Letís get back to our three plants. The second one is black cohosh, also known as bugbane, fairy candle, and snakeroot. Its botanical name is Cimifuga racemosa and it is native to eastern North America from Ontario to Georgia. Typically found in woodland openings, the foliage grows to about 36 inches tall with a bloom that appears between June and September, appearing as a thin flower cluster shooting out of the plant like a snake and growing up to 8 feet. Mine stands at about 5 feet. The flower lasts for many weeks over the summer and towers over the foliage, but still remains very delicate looking. After the blooms dry, you will still have an attractive seed head well into the fall. Black cohosh grows in moist to dry soil and likes partial shade. Youíll see butterflies and beneficial insects visiting it. I am not finding pH requirements for this plant, but mine is located in a rather neutral pH soil. I would think it prefers somewhat acidic since it is more of a woodland plant. Black cohosh is an herb used by the Native Americans because of its sedative, analgesic and anti-inflammatory properties. It is used today to help treat symptoms of menopause, though the treatment is controversial as to its effectiveness.

The third woodland plant is blue cohosh, whose botanical name is Caulophyllum thalictroides. It is completely unrelated to black cohosh though they share similar common names. The best part of this plant is the little blue-purple berries that appear in the summer. It grows 12-36 inches tall, prefers average to moist soil, and likes part shade to part sun, tending to grow on the edge of the woods. Blooming takes place in April or May. Soil PH should be 4.5 to 7, so acidic soil is best for it. I would not put these in an oak tree forest since those trees suck up any available moisture. Plants like this seem to do well under pine trees, but the acidity is probably the most important requirement along with the moisture level. Blue cohosh was used by the Native Americans as a medicinal herb to help induce labor.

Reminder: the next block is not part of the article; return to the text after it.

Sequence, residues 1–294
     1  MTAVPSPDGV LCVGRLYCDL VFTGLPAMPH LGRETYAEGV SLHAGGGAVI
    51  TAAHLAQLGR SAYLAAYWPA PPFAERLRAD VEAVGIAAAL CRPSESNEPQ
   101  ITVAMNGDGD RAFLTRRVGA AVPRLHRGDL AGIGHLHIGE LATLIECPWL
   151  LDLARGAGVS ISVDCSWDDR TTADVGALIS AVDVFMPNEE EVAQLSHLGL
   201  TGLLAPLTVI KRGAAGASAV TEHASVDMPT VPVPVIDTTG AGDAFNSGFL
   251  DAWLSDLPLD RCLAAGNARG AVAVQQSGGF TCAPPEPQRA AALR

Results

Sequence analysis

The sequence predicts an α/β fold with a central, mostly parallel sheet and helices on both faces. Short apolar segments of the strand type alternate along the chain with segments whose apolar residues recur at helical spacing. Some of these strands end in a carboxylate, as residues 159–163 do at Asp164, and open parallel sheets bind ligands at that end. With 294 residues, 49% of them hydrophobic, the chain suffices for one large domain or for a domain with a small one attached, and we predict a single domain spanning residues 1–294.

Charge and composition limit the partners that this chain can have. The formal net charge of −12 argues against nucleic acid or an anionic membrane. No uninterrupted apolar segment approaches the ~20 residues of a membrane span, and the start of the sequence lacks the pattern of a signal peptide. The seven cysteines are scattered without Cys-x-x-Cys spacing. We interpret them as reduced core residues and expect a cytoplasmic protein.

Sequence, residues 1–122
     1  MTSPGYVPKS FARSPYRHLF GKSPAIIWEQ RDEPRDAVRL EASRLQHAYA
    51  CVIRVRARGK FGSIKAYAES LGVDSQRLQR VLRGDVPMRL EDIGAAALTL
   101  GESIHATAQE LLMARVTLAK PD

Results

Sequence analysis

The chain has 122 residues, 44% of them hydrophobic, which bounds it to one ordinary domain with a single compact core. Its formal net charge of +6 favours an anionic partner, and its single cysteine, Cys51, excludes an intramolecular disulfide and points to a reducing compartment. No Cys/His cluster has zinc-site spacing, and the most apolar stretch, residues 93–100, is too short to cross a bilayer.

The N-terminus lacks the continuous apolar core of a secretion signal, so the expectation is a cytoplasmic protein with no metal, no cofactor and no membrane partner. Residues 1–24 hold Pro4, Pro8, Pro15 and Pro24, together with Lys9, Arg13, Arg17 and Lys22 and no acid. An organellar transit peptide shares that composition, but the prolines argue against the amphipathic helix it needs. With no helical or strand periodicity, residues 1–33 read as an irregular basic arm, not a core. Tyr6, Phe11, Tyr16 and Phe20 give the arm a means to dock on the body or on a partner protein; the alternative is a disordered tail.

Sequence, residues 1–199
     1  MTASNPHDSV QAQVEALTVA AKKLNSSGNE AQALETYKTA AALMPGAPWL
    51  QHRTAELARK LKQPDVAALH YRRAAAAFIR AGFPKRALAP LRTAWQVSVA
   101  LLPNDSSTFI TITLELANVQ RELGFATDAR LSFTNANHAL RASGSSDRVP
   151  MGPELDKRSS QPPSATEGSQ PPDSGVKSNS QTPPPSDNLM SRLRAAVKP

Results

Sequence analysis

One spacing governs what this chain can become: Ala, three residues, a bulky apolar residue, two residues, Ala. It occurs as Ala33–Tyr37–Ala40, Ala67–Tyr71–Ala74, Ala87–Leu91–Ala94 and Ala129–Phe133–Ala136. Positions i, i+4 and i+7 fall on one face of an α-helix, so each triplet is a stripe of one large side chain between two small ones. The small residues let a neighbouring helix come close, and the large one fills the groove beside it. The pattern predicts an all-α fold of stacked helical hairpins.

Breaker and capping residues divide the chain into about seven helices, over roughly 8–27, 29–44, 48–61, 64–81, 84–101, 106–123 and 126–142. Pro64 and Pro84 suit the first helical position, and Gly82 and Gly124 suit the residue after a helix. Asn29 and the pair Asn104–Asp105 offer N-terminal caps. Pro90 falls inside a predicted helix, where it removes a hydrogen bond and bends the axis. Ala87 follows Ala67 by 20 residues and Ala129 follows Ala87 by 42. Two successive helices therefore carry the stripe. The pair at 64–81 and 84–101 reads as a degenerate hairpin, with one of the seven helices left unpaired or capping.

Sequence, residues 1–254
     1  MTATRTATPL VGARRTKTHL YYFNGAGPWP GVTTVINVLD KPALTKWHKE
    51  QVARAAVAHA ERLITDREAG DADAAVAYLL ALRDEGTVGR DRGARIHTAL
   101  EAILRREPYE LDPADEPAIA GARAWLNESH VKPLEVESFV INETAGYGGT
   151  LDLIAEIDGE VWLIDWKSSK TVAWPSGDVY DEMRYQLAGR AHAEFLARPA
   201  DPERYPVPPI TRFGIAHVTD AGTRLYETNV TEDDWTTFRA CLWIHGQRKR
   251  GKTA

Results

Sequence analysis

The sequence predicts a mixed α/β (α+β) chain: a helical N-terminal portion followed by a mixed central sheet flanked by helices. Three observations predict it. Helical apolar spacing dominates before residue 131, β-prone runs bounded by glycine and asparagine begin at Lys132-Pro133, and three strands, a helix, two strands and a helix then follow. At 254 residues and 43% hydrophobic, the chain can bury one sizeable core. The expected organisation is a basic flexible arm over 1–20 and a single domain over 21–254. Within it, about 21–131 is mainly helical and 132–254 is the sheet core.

Where can you find these plants? Itís best to visit some of the local nurseries that carry natives as many seem to be carrying them more and more. I always support the local vendors who sell natives to encourage them to buy more and it also provides a chance to see the plant. The master gardeners of Adams County have a list of nurseries that carry natives if you ask for it. If you canít find a specific plant, sometimes they will be available during the master gardener plant sales twice a year, both in Adams or York Counties. If you canít find them at these places, type the botanical name into the internet and you can find online sources that will ship them to you.